Is Facebook or Google better for enrolling students?

Digital advertising is the single most effective way to generate awareness and inquiries from prospective families.
It is most effective when they are part of a larger digital media strategy that:

• Connects with your current families
• Builds an audience of community members and supporters
• Leverages that audience to drive traffic to a 'Landing page'
• Collects contact information from prospective families

The platform you use depends on whether you are targeting families who are passively consuming digital media (social media) or actively looking for a school (search engines). More specifically:


Google ads go after intent, meaning they require a parent to be searching for an alternative school for ads to show up in front of them. This is because ads show up AFTER each google search and are linked to the phrase or keyword being searched in order to be effective.

The benefit of this approach is that families that come through Google ads are usually 'warmer'; they have already decided to look for alternatives and are closer to jumping ship and joining your school.

The drawback is that Google ads work for only a sliver of the total addressable market in your community. Showing ads after a search means that you cannot target parents who may have thought about looking at other options but are not actively looking for other schools yet.
These parents often end up defaulting to the safe choice and re-enrolling their children at their current school.
Furthermore, Google ads don't even come close to touching passive parents who are not searching for schools for one more reason: they provide very limited 'real-estate' linked to each ad.
Since such ads are focused on the active prospect they do not provide space for long copy or even images; they are meant to push active parents towards inquiring with a one or two sentence blurb rather than persuade passive parents to start thinking about an alternative.



Facebook, on the other hand, is geared towards passive parents that are not necessarily looking for alternatives.
Interest-based targeting allows us to show ads to parents that have shown interest in their kids' education. Demographic and behavioral targeting provide even more granular targeting options linked to the age of their children, their income level, purchasing activity and much more. The parent, however, is not shown ads as a function of their search activity. Your ads will randomly show up in their Facebook feed as they are passively browsing their friends' updates.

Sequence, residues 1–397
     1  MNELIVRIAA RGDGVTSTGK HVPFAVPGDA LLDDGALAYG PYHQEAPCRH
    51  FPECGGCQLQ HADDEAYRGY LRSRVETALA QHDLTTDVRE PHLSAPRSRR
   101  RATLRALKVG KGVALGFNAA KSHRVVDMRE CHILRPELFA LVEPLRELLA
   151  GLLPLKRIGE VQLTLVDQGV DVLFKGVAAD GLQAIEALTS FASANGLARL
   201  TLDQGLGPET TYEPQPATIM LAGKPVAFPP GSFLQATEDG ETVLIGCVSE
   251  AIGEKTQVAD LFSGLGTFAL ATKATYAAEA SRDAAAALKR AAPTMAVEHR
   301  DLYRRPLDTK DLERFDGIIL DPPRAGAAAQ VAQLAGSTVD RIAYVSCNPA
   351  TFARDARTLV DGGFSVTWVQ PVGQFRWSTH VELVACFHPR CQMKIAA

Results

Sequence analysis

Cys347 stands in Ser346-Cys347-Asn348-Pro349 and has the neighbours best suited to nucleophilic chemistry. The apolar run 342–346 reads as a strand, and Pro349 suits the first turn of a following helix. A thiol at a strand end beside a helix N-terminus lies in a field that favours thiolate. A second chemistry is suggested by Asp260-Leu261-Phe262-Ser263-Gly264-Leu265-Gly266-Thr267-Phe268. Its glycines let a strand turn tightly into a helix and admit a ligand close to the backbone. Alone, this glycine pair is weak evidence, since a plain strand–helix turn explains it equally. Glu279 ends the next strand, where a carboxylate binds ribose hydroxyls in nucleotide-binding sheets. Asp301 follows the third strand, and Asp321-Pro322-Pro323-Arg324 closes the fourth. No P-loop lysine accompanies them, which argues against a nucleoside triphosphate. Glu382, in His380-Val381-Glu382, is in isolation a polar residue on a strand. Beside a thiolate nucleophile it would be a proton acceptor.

The huge advantage for Facebook is that you can reach the entire parent population in your catchment area instead of only the subgroup of active parents.
In addition, the Facebook platform lets us use long copy, images, video as well as retargeting (i.e. ads that follow us around if we have engaged with them) giving us the tools to pique passive parents' curiosity and slowly persuade them to check out your school over a series of 8-10 sequential ads (online enrollment funnel reflecting your school's story).
This suddenly puts the entire community into play...

The drawback for Facebook is that to properly make use of its awesome power one has to wield exceptional marketing skills (targeting, retargeting, funnel advertising) as well as phenomenal copywriting and design expertise.


Here is some further food for thought based on the above analysis:

⁍ Even for active parents, Google ads are primarily a seasonal venture. This means that you cannot generate leads all year long, build a predictable enrollment system and balance your enrollment department's workload over the year.
⁍ Google ads cannot be used to promote events as parents will rarely, if ever, search for a 'school Open House'.
⁍ Facebook ads go after the entire community population using several content pieces that will resonate with different segments of the parent audience (academic excellence curriculum, values-based education, small classes, summer camp, extracurriculars, Christian values) but will take time to convince passive parents into inquiring.
⁍  Facebook is an investment not a cost in the sense that even if a parent has seen and engaged with your school's entire story (10+ ads about different themes) but decides not to inquire at the last moment, they are still in play for the following enrollment season. You can go back and retarget them with a follow-up ad at a fraction of the initial advertising cost.


In short,  Google ads are super effective for a last-minute enrollment push. They will blanket the parents that are in-the-market for a school within a short period. During this short period, they may generate a couple of fast end-of-year enrollments but will lose their potency thereafter as the addressable parent audience is depleted. You cannot continue generating awareness and building your enrollment pipeline for the following year.

Facebook, on the other hand, requires more expertise and patience but can be relied upon for a long-term enrollment strategy that will continue persuading parents and generating enrollments year-in, year-out.